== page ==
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Washington Huskies vs. California Golden Bears Prediction and Preview

As Washington enters Saturday’s game against California, the goal is fairly straightforward. The Dawgs need to have their day Saturday. And a few more after that.

 

Even though the 15th-ranked Huskies entered this season with lofty expectations, the reality of their situation is that they will need to get plenty of help from their friends and rivals to have any shot at getting into the College Football Playoff. Washington’s chances are considered to be in the long-shot variety, at best.

 

But first things first — a win in Week 9 over the host Golden Bears at Berkeley’s Memorial Stadium. Both Pac-12 North Division crews come into this game on the heels of victory.

 

The Huskies held off a stiff test from the visiting Colorado Buffaloes for a 27-13 triumph to improve to 6-2 overall and 4-1 in conference action, which puts them in first place in the division, for now.

 

Meanwhile, the Golden Bears sit at 4-3 overall and just 1-3 mark in conference play, placing them fifth in the division ahead of just one other team — Oregon State, whom Cal thumped last weekend, 49-7.

 

Washington at California

 

Kickoff: Saturday, Oct. 27 at 4:30 p.m. ET

TV: FS1

Spread: Washington -10.5

 

Three Things to Watch

 

1. Which California team will show up?

It’s been a tale of two seasons for Cal, which opened with three straight non-conference victories to look like a willing bunch ready for Pac-12 primetime. But when the conference lights switched on, the Golden Bears seemed to go into hibernation, dropping a trio of games to quickly fall out of the AP Top 25. Turnovers marred those losses against Pac-12 opposition, and the play of sophomore quarterback Brandon McIlwain left a lot to be desired.

 

The cold snap, which included an ugly loss to the previously winless UCLA Bruins, also left Cal without a conference win in 14 road contests dating back to the 2015 season against Saturday’s opponent, Washington. Then came a visit to Oregon State in Week 8 — just what the doctor ordered — and the Bears rediscovered their early season touch by destroying the Beavers, a team that has struggled all season long.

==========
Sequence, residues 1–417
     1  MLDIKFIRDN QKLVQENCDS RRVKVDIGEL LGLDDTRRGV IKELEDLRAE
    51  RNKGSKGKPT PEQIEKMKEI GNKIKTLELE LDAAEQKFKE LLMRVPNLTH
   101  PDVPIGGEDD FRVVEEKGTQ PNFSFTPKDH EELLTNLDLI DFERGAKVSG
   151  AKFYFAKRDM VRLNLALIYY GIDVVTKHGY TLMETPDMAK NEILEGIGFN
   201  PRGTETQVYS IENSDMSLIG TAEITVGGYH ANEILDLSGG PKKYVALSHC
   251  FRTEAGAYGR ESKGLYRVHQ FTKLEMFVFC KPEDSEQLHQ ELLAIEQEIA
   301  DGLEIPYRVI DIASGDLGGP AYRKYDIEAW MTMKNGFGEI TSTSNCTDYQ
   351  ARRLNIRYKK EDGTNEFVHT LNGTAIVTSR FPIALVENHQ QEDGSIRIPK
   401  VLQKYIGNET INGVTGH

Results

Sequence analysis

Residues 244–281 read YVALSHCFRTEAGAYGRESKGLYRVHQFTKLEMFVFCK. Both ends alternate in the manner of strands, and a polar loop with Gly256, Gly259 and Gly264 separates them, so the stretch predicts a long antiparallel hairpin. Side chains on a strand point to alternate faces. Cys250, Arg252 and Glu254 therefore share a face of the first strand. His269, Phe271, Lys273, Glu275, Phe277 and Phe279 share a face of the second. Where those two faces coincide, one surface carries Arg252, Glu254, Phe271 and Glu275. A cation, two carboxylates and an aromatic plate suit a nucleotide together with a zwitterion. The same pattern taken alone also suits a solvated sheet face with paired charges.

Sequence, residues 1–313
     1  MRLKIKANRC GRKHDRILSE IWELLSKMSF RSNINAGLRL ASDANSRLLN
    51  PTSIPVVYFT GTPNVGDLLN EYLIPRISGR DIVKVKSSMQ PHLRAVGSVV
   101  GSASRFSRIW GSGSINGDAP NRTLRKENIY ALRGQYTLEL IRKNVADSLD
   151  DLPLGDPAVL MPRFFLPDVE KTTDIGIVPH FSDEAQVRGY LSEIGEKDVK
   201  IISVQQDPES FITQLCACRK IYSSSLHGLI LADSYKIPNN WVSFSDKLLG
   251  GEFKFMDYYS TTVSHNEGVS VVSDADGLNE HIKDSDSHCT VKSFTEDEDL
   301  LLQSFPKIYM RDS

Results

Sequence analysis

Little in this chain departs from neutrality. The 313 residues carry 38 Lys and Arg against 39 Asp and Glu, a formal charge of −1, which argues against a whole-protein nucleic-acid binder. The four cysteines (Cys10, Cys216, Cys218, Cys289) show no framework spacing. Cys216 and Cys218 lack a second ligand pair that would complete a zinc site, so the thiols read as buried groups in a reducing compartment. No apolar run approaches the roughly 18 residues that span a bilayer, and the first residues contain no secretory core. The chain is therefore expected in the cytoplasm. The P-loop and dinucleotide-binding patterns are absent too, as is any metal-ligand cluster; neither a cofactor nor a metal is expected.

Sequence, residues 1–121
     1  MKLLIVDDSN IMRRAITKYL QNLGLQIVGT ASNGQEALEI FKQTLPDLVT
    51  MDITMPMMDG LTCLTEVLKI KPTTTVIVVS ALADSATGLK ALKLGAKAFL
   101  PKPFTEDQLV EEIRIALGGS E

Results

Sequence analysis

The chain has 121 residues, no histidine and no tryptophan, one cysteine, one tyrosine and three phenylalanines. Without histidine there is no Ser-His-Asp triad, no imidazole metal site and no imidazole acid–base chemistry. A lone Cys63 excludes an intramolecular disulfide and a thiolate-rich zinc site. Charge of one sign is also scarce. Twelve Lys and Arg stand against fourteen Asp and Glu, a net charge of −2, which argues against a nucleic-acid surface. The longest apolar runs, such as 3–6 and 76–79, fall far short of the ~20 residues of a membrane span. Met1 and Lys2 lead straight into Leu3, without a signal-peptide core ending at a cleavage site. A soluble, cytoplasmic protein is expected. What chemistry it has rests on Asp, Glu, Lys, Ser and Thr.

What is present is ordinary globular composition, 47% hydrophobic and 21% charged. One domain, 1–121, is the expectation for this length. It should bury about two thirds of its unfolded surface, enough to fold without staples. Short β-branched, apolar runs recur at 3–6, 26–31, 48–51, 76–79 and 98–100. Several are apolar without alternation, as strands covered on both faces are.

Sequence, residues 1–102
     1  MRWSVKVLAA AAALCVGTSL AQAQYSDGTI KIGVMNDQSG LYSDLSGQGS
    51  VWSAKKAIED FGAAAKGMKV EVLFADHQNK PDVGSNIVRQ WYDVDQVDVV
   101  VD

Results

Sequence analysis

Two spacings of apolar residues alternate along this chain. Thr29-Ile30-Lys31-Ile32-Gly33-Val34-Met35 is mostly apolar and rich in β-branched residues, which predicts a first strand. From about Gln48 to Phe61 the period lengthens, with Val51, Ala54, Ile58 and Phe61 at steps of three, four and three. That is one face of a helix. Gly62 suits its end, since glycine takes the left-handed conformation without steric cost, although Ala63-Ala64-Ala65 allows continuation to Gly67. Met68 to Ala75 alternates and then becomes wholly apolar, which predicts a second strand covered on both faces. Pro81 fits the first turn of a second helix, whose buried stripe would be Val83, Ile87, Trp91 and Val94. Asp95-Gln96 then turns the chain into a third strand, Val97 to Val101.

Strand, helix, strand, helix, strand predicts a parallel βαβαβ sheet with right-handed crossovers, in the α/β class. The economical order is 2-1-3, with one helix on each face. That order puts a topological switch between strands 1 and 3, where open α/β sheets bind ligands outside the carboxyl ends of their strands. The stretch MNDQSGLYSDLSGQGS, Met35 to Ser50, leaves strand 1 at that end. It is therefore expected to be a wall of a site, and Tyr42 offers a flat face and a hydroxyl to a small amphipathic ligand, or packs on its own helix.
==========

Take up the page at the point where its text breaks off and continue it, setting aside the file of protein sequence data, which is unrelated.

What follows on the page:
Freshman QB Chase Garbers replaced McIlwain in the game in Corvallis and put up nice numbers — 17-for-26 for 234 yards and three touchdowns. This performance came after he missed the previous two weeks and provided the team with a jolt. For the season, Garbers has 727 passing yards with nine touchdowns and four interceptions. Compare that to McIlwain, who has tossed three times as many picks (seven) as TDs (two), although he’s known more his ability to make things happen with his legs. McIllwain is second on the team in rushing with 398 yards and four scores.

 

Beating Oregon State, even on the road, is one thing. The question for the Bears’ offense is not just which quarterback will get the snaps, but how will this unit fare against a defense that’s ranked in the top 20 nationally in both yards and points allowed per game?

 

2. Will Washington’s stars come out to shine?

Washington quarterback Jake Browning finished sixth in the Heisman Trophy voting just two seasons ago. But since then, the senior has struggled to find that superstar consistency.

 

Take for instance his performance in Week 8, when he couldn’t find his rhythm at home against Colorado. It wasn’t until a 26-yard TD pass to Aaron Fuller on 4th-and-5 with less than four minutes remaining that Browning came through when his team needed him to. He finished the game a pedestrian 15-of-25 for 150 yards with a TD and interception for a 67.2 QB rating.